Cautionary TCPA Tale for Debt Collectors

The rules governing how and when a debt collector may contact debtors are largely derived from the FTC, the Fair Debt Collection Practices Act, and the FCC’s Telephone Consumer Protection Act. While the FDCPA has been in effect for over forty years, the FCC’s TCPA is the consumer contact regulation with the most bite. Although this law applies primarily to telemarketing activities, debt collectors can be held liable for violations of the TCPA if they make autodialed or pre-recorded calls to consumers without first obtaining express consent.1 Additionally, debt collectors who make those calls must have procedures and documentation to demonstrate that express consent was obtained prior to making the call.2 Penalties for TCPA violations can range from $500 to $1500 per violative call. With class action lawsuits increasingly prevalent, penalties from these cases can be devastating.

The threat of these damages is real. In the past decade, consumer protection litigation has been on the rise and class actions have nearly tripled.3 Although the FDCPA made up 72% of consumer protection lawsuits filed during that time period, TCPA claims increased by more than 700%. With consumer debt nearing all-time highs4 (nearly 30% of all Americans with a credit report having at least one debt in collections) the TCPA cannot and should not be ignored.5

Consumers are now more aware than ever of their protective rights. Further, they know how to file lawsuits and complaints as evidenced below. The FTC published its complaints received over the past few years by topic:

As a quick example, the Northern District of California in McMillion v. Rash[1] entered a $267 million-dollar class action judgment against a debt collector for illegally calling numbers acquired through skip tracing. The plaintiffs involved in the suit did not dispute that the debt was owed, only that the consumers were called on their cellphones without permission. This case, and others like it, are illustrative of the treacherous regulatory environment debt collectors find themselves in today. Even conduct that seems justified, like contacting a consumer about delinquent debt, can result in significant penalties.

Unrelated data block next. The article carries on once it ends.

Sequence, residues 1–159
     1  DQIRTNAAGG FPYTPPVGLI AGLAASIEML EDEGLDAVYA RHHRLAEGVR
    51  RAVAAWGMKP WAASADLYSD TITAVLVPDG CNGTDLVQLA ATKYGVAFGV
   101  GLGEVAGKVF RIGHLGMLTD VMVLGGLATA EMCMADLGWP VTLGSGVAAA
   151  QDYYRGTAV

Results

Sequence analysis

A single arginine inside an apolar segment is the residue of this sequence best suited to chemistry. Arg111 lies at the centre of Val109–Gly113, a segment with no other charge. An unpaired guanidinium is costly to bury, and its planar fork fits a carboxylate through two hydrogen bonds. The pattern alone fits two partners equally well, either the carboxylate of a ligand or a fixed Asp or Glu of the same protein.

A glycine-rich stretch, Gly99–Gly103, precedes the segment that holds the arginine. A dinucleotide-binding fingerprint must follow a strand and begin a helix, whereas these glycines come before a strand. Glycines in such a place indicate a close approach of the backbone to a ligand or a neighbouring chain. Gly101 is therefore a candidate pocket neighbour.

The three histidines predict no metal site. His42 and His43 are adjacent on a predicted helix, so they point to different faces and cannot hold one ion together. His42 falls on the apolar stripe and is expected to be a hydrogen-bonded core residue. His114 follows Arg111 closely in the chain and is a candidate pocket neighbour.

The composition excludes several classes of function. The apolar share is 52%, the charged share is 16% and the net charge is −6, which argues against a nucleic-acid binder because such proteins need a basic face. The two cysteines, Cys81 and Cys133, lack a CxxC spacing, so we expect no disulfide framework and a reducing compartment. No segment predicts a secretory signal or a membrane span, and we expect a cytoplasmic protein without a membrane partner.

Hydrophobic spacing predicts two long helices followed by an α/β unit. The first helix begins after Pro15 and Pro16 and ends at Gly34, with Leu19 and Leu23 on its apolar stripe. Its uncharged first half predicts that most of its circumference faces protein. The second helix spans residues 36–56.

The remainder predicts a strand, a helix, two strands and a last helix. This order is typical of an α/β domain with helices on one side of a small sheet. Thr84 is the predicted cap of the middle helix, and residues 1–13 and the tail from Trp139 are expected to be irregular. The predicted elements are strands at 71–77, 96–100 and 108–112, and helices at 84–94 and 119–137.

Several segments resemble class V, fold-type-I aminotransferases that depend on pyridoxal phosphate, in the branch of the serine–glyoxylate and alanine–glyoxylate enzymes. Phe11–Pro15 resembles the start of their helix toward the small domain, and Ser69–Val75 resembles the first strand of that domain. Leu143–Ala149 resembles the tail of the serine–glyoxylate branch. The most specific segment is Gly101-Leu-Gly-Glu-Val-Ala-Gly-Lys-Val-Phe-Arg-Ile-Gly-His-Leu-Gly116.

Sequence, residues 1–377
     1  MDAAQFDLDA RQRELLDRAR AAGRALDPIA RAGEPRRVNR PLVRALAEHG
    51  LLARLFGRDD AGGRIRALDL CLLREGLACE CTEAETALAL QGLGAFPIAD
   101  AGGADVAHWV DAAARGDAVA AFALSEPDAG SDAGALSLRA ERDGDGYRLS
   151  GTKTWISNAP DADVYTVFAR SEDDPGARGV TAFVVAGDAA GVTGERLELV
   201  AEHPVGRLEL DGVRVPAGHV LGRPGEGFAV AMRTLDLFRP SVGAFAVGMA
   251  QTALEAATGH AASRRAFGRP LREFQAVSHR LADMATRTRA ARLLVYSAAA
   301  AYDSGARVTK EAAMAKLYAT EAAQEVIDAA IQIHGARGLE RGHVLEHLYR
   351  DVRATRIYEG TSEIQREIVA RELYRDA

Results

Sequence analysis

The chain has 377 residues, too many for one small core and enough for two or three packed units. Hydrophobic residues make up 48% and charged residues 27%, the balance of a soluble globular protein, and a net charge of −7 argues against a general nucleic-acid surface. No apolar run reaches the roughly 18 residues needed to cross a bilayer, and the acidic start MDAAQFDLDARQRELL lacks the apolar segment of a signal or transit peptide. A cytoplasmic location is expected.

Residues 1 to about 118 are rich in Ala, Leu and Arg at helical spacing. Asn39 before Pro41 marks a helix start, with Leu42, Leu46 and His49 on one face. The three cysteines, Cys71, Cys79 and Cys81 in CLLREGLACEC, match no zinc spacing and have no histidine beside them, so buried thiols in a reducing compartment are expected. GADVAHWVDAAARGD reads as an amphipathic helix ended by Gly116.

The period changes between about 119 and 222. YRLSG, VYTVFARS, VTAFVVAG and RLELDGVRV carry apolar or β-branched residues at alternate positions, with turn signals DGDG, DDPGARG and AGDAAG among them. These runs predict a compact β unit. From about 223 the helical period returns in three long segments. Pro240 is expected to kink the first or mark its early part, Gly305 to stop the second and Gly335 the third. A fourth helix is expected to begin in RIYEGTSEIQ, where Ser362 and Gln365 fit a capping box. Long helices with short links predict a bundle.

Under both the FDCPA and the TCPA, debt collectors may escape liability for violations if they are able to show that the violation was made in error and arose despite a robust compliance program reasonably designed to avoid such errors – “Safe Harbor”. Building a Safe Harbor framework may be a heavy, initial load, but is certainly worth the protection it affords. Further, most Safe Harbor components are regulatory requirements for collectors (e.g. obtaining consent to contact). With the increased prevalence of class action lawsuits in both the FDCPA and TCPA space, debt collectors can no longer look the other way when it comes to consumer contact compliance.

1 The FCC has stated that a person who “knowingly releases their phone numbers have in effect given their invitation or permission to be called at the number which they have given, absent instructions to the contrary,” in addition to providing written or oral consent.

2 FCC amicus brief filed in Alber A. Nigro v. Mercantile Adjustment Bureau, LLC


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